Nuns and Bishops and Popes, Oh My! – UPDATES

The sisters are all Joan of Arc and the Bishops are all Don Giovanni!

Allow me to clear my tabbar of these numerous links touching on the Sr. Margaret Farley story, the LCWR leadership meeting with Rome story and the terrible, horrible, no good, very bad menfolk — offering “the contorted thinking of celibate men” — who just don’t appreciate the linear and perfect thinking of the celibate women.

I guess female celibacy is superior to male celibacy and therefore confers credibility on their thinking? Or something? Do people just forget that the sisters are also celibate and vowed to that discipline?

Anyway, here we go: In response to this piece posted this morning, I got an email from someone sending a link to this piece at Deacon Greg’s saying that some of the celibate women were becoming “tiring” to the sender. I don’t know about that yet, but I do think this sister doth protest too much when she keeps repeating “We are the church. We are the church.”

Well, yeah. We’re all the church. Even those pests in Rome, sister.

Amy Welborn, going for the ironic, looks at a different sort of nun-ly water-stirring:

Here you go: the American religious sister who’s had more conflicts with more bishops than any other over the past few decades. Who’s gone head-to-head with a bishop or two, whose work has been supported by lay people, but who’s had bishops has her primary opponents, both overtly and covertly, who, up until various shifts and changes of the past 5-7 years, has had probably 80% of the American bishops strongly in opposition to her ministry.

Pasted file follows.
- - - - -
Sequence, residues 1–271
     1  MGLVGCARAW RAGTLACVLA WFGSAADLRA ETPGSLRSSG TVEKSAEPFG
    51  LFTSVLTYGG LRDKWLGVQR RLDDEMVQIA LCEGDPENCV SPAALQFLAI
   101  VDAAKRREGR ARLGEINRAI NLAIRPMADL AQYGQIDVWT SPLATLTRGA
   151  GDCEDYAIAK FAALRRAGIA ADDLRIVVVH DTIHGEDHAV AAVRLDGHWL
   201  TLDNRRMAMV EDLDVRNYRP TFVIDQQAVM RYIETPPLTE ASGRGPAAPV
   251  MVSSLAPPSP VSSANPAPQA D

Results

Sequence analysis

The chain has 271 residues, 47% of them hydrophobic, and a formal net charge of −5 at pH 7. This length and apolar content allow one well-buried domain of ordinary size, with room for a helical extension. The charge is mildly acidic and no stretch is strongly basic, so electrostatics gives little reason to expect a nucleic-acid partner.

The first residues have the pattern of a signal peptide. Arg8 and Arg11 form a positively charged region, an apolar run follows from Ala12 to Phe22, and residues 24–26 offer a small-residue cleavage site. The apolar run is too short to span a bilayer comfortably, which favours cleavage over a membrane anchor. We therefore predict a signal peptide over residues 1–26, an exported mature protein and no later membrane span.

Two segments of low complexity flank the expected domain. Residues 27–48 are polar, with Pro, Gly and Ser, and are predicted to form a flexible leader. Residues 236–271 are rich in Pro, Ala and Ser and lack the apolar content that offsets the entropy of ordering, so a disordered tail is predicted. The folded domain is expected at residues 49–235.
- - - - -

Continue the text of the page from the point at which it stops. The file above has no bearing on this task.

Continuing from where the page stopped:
You’ll have to go to the link to see who she means. What’s interesting is that beyond all of these theatricals — and all of this brouhaha is, to a point, theater, the media-assisted stirring up of sentiment, creating pure heroines and demonic antagonists (or stalwart heroes and witches) and meant to further agendas existing on all sides — and despite all the noise from one corner, the youth and energy of the church is collecting in the quieter corner. We are the church; we are all the church. Who will be the church, in ten or twenty years? We will. All of us. Same as it ever was.

Robert Royal: Notes the difference in how universities and others receive certain theologians according, apparently, to the political characterizations they can attach to their wonderings.